On top of such jihadi violence, mobs of local Egyptian Muslims whipped up by bigoted religious discourse frequently assault Christians for praying in what they call illegal churches or for carrying on interfaith romances. In December, after a spate of such incidents, Sisi created the Supreme Committee to Combat Sectarian Violence. But like many of Sisi’s so-called reforms, this was public relations, not a serious attempt to tackle the problem. As Timothy E. Kaldas, a fellow at the Tahrir Institute for Middle East Policy, noted, the committee “is almost exclusively composed of representatives of Egypt’s varied security bodies” and, worse, includes no representatives at all of the minority faith communities that are especially vulnerable to extremist violence.

To date, Sisi’s only concrete benefit for Egyptian Christians was his much-touted 2016 law on church construction, but it falls far short of what is needed. Christians had hoped Sisi would finally remove onerous controls on building and repairing churches—restrictions that do not exist for mosques. The biased system has left Christian worshippers greatly underserved relative to Muslim ones; the most recent official data suggests that Egypt had one mosque for every 665 Muslims but only one church for every 2,780 Christians.  Yet instead of treating the building of churches and mosques equally, under Sisi’s new rules churches are still subject to a special and laborious approval process, in which security officials have vast and arbitrary power to reject permits for construction—even minor repairs. The justification is that allowing too many churches would inflame the Muslim majority and threaten stability.

Under the new law, the Egyptian state has legalized just 24  percent of the unlicensed churches that have applied for formal approval and, remarkably, has approved the building of new churches at an even lower rate than Hosni Mubarak’s regime. Unaccountable security officials continue to unlawfully harass worshippers and to close churches and often do nothing to prevent sectarian assaults on Christian places of worship. Under Sisi, tens of thousands of Christians have been left with nowhere to pray. As the Coptic bishop of Los Angeles lamented, “The church construction law has been revealed to be a church closing law.”

Sisi’s gleaming mega-cathedral in Egypt’s new administrative capital certainly impressed U.S. Secretary of State Mike Pompeo and other foreign visitors. Yet not only is this vanity project located in a military-controlled site inaccessible to most Egyptians, but it has zero impact on the systemic discrimination Christians face daily. Despite the real dangers that come with speaking out in Sisi’s Egypt, in a recent column Youssef Sidhom, the editor in chief of Egypt’s most influential Christian newspaper, Watani, warned against allowing “talk by President Sisi when he visits the Church” to “obscure the fact that there are Egyptian Copts who experience neither equality nor freedom, nor can they exercise their constitutional rights.” Other prominent Christian figures have expressed similar discomfort.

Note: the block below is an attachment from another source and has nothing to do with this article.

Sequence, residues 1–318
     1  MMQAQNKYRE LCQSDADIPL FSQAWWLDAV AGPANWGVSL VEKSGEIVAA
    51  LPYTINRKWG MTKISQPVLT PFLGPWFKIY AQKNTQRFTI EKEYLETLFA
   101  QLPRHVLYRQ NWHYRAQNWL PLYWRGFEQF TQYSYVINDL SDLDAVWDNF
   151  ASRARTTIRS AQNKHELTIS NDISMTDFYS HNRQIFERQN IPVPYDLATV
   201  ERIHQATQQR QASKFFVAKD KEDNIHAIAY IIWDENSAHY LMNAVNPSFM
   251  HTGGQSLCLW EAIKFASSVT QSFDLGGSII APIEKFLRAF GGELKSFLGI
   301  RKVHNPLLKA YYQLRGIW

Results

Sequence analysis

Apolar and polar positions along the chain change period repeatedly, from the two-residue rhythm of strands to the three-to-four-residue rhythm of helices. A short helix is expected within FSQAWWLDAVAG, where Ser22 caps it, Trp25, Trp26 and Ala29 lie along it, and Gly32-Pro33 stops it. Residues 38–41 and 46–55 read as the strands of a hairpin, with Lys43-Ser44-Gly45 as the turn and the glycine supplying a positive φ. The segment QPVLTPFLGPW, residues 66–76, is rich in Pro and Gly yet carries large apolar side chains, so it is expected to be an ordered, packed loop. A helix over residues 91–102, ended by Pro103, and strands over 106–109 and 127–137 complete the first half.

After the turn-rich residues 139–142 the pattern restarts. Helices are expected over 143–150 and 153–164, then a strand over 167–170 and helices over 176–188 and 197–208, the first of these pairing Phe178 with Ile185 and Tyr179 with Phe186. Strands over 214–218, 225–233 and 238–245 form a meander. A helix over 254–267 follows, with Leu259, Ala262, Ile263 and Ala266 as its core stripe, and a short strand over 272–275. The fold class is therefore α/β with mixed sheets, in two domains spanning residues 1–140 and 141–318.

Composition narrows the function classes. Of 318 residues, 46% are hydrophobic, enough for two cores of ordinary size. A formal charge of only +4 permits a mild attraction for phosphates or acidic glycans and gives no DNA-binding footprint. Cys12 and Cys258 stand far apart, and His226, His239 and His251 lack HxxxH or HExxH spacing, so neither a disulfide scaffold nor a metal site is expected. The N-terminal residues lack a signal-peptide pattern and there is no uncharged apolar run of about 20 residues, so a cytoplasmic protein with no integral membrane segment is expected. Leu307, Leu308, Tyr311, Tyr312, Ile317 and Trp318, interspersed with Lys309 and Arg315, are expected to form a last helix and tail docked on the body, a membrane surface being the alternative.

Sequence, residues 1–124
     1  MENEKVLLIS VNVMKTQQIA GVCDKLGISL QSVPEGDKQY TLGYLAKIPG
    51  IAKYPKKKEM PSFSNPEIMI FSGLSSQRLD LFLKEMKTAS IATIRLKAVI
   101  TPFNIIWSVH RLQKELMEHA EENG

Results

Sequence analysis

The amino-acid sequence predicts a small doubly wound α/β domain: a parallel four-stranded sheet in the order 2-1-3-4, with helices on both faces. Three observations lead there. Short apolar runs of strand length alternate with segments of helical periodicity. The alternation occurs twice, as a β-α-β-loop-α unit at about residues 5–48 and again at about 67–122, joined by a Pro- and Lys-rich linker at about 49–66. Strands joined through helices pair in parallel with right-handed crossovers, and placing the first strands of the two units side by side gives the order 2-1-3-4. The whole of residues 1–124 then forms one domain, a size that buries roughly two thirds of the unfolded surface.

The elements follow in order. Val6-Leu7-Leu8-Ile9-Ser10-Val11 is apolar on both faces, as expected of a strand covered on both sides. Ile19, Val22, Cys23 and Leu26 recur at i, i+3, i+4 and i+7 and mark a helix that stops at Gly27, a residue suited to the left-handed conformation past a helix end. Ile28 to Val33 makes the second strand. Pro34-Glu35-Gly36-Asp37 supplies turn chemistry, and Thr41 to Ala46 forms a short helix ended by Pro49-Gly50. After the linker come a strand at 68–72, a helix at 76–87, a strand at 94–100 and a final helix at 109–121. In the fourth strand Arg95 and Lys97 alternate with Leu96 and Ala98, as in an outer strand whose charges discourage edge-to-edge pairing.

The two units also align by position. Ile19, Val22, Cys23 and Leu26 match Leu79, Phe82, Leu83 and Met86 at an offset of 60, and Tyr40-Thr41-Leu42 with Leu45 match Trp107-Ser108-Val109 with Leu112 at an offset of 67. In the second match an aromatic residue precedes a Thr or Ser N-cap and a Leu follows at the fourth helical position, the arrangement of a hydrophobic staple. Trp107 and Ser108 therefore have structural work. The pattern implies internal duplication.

Christians may be the country’s largest religious minority, but other religious groups have even fewer rights. For example, the Bahai and Jehovah’s Witnesses faiths remain officially banned. Their places of worship, public celebrations of their faiths, and even their marriages remain unrecognized by the state. Official religious institutions such as Al-Azhar and the Ministry of Religious Endowments have engaged in public campaigns warning of the “growing dangers” of the spread of the Bahai faith. And atheists also face growing repression, with Sisi’s parliament even considering making it a crime not to believe in God.

Although the Egyptian president is fond of speaking of religious tolerance, especially in front of foreign audiences, his regime treats Christians and other religious minorities just as his predecessors did: as groups to be controlled and collective security threats to be managed, not as citizens deserving of individual rights and freedoms. Sisi, whose solution to any problem, danger, or conflict is to further curtail rights and boost the military’s powers, has shown no vision or willingness to lead Egypt toward a more open, tolerant society. With his rubber-stamp parliament now pushing through constitutional amendments that will allow him to remain in power until 2034, the prospect for significant improvements in the status of Egypt’s religious minority communities looks grim. Yet if the U.S. administration genuinely cares about religious freedom in the Middle East, Trump should replace superficial praise for Sisi with pressure on him to take long overdue steps such as abolishing the blasphemy law and equalizing the approval system for all places of worship.

Stephen McInerney is the Executive Director of the Project on Middle East Democracy.

Amy Hawthorne is the Deputy Director for Research at the Project on Middle East Democracy. She focused on Egypt as a State Department official in 2011-2012.